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Tor and Debian

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Security
Debian
  • Tor Browser 5.5 Gets an Official Release, Includes Tor 0.2.7.8

    The Tor Project has proudly announced the release and immediate availability for download of the first stable Tor Browser 5.5 web browser for all supported operating systems, including GNU/Linux, Mac OS X, and Microsoft Windows.

  • Tor Announces Official Release of Tor Browser 5.5 With New Features

    Tor Browser 5.5 is the first stable release in the 5.5 series of Tor. It is released for all the supported operating systems, including GNU/Linux, Mac OS X and Microsoft Windows. It is now available for download from the Tor Browser Project page along with many new features.

  • The ultra-secure Tails OS beloved by Edward Snowden gets a major upgrade

    Edward Snowden's favorite secure operating system just got a major upgrade. Version 2.0 of the Amnesic Incognito Live System, better known as Tails, rolled out recently. Tails 2.0 brings a new desktop environment, sandboxing for services via the always controversial systemd, and a new build of the Tor Browser.

  • Becoming a Debian contributor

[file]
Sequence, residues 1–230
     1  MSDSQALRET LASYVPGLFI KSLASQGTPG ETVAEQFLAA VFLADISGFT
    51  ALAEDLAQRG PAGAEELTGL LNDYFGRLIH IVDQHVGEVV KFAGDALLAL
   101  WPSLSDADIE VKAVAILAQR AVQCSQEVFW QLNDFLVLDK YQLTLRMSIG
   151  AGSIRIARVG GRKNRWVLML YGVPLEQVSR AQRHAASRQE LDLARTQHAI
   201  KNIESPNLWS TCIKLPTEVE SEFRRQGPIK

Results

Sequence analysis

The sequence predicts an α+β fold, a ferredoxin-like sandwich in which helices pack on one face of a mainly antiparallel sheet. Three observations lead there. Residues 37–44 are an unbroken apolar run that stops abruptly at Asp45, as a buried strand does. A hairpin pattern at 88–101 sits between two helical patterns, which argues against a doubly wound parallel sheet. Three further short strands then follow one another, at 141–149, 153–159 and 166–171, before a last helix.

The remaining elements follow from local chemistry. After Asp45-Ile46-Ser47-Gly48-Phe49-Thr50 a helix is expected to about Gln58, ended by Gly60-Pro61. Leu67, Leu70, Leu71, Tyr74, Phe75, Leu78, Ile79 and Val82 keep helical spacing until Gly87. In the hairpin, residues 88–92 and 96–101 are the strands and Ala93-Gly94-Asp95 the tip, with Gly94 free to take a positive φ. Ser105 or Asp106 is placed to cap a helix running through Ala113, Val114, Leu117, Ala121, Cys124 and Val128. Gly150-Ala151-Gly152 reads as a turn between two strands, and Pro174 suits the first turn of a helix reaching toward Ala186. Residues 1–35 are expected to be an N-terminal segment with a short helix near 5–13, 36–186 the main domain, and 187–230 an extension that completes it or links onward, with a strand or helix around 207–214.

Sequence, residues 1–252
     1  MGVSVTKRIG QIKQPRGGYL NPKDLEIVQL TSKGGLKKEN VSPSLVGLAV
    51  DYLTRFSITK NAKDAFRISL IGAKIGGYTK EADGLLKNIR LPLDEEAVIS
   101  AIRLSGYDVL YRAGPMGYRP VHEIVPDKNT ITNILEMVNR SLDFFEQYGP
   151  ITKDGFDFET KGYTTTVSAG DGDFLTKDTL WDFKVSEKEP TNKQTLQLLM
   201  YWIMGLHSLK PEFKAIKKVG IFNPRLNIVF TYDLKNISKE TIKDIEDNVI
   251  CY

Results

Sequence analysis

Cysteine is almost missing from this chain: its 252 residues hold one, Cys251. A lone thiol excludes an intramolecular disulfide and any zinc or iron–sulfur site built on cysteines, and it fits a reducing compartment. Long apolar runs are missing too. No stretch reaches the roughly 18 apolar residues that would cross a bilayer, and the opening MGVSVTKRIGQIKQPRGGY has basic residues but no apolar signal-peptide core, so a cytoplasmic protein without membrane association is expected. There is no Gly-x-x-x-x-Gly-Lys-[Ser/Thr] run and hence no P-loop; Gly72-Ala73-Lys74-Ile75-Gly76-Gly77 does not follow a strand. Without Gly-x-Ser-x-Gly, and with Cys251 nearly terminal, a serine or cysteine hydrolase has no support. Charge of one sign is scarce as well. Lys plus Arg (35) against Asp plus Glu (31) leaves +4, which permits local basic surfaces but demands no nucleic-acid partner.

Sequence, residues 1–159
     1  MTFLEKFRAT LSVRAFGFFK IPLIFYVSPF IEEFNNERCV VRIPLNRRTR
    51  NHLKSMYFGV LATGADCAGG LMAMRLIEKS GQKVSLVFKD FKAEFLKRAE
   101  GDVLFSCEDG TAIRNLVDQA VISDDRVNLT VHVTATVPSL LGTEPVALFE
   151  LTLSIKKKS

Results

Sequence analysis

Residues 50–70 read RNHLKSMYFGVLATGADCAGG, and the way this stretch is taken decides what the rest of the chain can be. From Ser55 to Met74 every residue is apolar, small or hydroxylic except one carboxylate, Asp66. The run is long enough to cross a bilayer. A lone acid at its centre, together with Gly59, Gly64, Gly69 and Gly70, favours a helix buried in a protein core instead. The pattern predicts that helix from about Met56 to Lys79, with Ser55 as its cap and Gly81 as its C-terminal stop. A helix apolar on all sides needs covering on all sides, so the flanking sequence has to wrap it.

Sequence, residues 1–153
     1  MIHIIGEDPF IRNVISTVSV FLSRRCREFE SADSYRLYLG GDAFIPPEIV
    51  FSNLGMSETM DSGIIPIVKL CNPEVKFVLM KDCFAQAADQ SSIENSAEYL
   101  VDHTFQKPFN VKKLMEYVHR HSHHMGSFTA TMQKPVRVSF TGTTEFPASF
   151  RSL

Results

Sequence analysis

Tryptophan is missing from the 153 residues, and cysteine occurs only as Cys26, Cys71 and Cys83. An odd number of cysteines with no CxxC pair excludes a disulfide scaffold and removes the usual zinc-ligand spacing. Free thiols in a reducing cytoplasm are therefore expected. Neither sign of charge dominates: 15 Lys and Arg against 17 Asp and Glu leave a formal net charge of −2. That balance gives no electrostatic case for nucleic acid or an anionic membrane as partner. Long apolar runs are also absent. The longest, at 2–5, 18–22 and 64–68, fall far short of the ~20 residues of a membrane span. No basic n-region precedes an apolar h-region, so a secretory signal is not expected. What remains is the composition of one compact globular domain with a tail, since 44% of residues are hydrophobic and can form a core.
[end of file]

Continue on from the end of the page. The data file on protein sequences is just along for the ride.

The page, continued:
Over the past two months or so I have become a contributor to the Debian Project. This is something that I’ve wanted to do for a while. Firstly, just because I’ve got so much out of Debian over the last five or six years—both as a day-to-day operating system and a place to learn about computing—and I wanted to contribute something back. And secondly, in following the work of Joey Hess for the past three or four years I’ve come to share various technical and social values with Debian. Of course, I’ve long valued the project of making it possible for people to run their computers entirely on Free Software, but more recently I’ve come to appreciate how Debian’s mature technical and social infrastructure makes it possible for a large number of people to work together to produce and maintain high quality packages. The end result is that the work of making a powerful software package work well with other packages on a Debian system is carried out by one person or a small team, and then as many users who want to make use of that software need only apt-get it. It’s hard to get the systems and processes to make this possible right, especially without a team being paid full-time to set it all up. Debian has managed it on the backs of volunteers. That’s something I want to be a part of.

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